The appellees try to characterize the Meanens' complaints of excessive light and noise as "peripheral" to their complaints of noxious emissions, and argue they have no duty to defend or indemnify the City for such claims. Whether or not the complaints about light and noise are peripheral is irrelevant. The insurers have a duty, provided by the terms of the respective policies, to defend any suit seeking damages for liability covered by the policies. Joint Appendix at 46, 47 & 98. "It is well-settled law in New Hampshire that an insurer's obligation to defend its insured is determined by whether the cause of action against the insured alleges sufficient facts in the pleadings to bring it within the express terms of the policy, even though the suit may eventually be found to be without merit." United States Fidelity & Guaranty Co., Inc. v. Johnson Shoes, Inc., 123 N.H. 148, 151-52, 461 A.2d 85, 87 (1983) (citing Hersey v. Maryland Casualty Co., 102 N.H. 541, 542-43, 162 A.2d 160, 162 (1960)). If some of the claims against the insured fall within the terms of coverage, and some without, the insured must still defend the entire claim (at least until it is apparent that no recovery under the covered theory can be had) but need only indemnify for liability actually covered. See, e.g., Western Cas. & Sur. v. Intern. Spas of Ariz., 130 Ariz. 76, 634 P.2d 3, 6-7 (Ariz.App. 1981); Rimar v. Continental Cas. Co., 50 A.D.2d 169, 376 N.Y.S.2d 309, 312-13 (Ct.App. 1975); John Alan Appleman, 7C Insurance Law and Practice, § 4684.01 at 102-07 (Berdal ed. 1979); 41 A.L.R.2d 434 (1980 Supp.).4 Therefore, the appellees are obligated to defend the entire claim brought by the Meanens, but eventually need only indemnify (under the bodily injury and property damage coverage) for bodily injury and property damage arising from the plant's alleged excessive noise and light.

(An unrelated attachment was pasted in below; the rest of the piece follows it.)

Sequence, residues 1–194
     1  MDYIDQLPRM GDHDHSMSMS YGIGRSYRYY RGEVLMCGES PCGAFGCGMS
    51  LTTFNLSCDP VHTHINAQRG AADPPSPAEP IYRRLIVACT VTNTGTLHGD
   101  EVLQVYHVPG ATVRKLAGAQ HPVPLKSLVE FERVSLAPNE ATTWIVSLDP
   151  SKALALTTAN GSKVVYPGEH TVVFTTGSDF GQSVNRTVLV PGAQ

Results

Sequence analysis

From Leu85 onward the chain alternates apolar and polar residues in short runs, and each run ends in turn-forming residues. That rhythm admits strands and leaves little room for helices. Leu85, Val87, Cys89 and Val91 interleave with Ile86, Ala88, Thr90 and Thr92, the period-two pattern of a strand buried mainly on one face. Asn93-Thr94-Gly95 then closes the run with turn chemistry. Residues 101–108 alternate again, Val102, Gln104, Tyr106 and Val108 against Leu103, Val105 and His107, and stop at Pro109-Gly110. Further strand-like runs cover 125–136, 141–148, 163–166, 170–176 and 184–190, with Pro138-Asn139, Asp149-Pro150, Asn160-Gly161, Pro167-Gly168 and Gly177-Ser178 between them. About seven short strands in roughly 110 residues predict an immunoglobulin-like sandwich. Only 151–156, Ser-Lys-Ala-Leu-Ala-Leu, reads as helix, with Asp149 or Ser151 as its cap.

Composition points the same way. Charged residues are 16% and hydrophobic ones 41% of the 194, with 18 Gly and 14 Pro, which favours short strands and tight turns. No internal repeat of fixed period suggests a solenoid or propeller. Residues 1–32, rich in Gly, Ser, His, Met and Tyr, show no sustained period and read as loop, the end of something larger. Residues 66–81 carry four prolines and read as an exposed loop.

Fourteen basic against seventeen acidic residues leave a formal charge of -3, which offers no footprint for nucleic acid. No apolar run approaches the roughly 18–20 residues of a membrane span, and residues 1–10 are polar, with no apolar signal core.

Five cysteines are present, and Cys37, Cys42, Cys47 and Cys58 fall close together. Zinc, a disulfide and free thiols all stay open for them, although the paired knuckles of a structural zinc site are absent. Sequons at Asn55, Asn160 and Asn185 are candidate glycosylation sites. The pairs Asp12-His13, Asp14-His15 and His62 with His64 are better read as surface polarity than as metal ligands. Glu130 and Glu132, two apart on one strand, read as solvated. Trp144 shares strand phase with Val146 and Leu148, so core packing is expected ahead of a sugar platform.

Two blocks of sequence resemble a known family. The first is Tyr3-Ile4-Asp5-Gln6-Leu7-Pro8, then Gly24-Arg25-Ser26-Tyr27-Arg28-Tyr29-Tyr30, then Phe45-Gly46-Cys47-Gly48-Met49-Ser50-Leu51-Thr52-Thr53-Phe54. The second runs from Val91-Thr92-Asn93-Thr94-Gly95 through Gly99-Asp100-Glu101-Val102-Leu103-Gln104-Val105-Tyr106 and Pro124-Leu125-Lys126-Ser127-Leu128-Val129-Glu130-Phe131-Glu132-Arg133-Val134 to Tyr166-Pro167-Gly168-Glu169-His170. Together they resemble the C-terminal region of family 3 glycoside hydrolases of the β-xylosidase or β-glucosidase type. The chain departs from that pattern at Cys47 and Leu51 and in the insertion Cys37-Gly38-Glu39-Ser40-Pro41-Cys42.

After arguing that light and noise do not come within the policy definition of the term "pollutant," the City claims the entire definition of the term "pollutant" is ambiguous, and should be construed in its favor to provide coverage of liability for all damages alleged by the Meanens, not just for damages caused by excessive light and noise. The City asserts that "[the] wording of the exclusion is so broad and vague that its literal reading could result in unreasonably excluding coverage for every conceivable incident connected with any plant dealing with pollutants." Just because the parties dispute the scope of a policy's coverage does not mean it is ambiguous; the meaning of the language must be unclear, and the parties' dispute based upon reasonable differences about the language's interpretation. Town of Goshen v. Grange Mutual Ins. Co., 120 N.H. 915, 918, 424 A.2d 822, 825 (1980); Laconia Rod & Gun Club v. Hartford Acc. & Indemn. Co., 123 N.H. 179, 182, 459 A.2d 249, 251 (1983).